Each season of this multi award winning Television series takes you through a 13 episode run in the rise and fall of real life Australian underworld figures as told from both sides of the ... See full summary »
Fitz returns to Manchester after living 10 years in Australia with his wife and youngest son. He is soon drawn into the investigation of a British soldier who may have been traumatized by his years serving in Northern Ireland.
The 30 x 30 serial drama centres on the inner-city neighbourhood of Arcadia Heights, exploring the relationships between the residents of the Arcadia social housing tower and the people who... See full summary »
For me, this film brings to consciousness and display why people seek to be individuals. One might call it "walking your talk", Or, not taking a passive voice.
The film's theme takes on an active voice as we watch the words and behaviors of the young student and his support groups. IE, being black means "having sufficient character and self-esteem" not to sing the National Anthem.
Both groups point out ...well, it is only a song.
But, to the young black student, singing it, equals subjectification. A big word for meaning ... being less than someone or something else.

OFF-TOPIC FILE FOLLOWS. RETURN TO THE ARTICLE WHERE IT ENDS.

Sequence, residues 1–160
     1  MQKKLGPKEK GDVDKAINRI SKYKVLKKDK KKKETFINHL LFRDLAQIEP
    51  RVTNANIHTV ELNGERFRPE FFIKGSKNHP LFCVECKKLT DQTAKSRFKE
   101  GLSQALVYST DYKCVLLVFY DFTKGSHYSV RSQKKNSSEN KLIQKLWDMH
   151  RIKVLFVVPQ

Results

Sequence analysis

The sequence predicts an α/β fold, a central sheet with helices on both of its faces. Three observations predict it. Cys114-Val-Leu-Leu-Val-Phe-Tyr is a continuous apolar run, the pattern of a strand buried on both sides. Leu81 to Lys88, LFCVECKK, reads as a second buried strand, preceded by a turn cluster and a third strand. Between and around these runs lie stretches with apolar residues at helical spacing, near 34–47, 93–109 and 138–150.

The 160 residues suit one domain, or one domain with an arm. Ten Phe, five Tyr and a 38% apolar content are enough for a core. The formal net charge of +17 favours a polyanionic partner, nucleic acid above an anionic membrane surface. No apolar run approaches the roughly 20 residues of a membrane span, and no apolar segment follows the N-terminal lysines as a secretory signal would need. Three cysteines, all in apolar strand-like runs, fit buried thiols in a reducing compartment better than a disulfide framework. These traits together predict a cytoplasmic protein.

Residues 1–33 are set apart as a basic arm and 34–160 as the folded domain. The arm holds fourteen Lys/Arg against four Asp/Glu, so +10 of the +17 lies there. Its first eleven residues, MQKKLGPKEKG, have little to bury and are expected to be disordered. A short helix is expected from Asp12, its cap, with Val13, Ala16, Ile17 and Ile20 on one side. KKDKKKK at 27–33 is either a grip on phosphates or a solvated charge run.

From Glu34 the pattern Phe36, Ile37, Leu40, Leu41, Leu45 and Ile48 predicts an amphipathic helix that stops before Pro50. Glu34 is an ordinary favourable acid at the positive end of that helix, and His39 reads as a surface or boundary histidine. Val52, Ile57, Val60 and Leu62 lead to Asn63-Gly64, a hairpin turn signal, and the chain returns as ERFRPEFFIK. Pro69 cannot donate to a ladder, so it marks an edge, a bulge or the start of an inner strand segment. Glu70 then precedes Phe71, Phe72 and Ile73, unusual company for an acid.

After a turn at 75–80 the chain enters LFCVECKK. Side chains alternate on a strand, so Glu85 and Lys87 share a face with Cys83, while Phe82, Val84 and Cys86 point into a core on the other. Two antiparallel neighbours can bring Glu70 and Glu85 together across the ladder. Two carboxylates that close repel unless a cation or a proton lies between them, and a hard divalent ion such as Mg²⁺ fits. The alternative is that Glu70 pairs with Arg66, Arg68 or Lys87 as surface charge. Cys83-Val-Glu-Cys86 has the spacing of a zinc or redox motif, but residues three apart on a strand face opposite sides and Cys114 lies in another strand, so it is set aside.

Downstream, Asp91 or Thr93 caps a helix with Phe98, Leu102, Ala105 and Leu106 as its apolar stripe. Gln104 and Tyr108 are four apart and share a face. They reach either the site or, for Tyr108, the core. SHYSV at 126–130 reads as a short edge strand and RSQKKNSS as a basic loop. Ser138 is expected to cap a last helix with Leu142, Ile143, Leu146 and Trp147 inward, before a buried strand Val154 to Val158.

Philosophically, is this not the definition of "individual" and having your own voice.
At first look, it was dispiriting to witness the passive voices of the school's "aboriginal liaison" and the white male who is also part of the governing board. Yet, in a subtle manner, this is a realistic view of our societie4s.
More passive voices
And riding right beneath the main topic is ...what and how are we teaching our youth. To just follow the crowd or to think through life and societal issues?
For me, the film invites, even guides, me to examine the definitive question = what am I willing to stand up for even in the face of alienation and expulsion. How do I teach my kids and grand kids to be "real?"
How about you?
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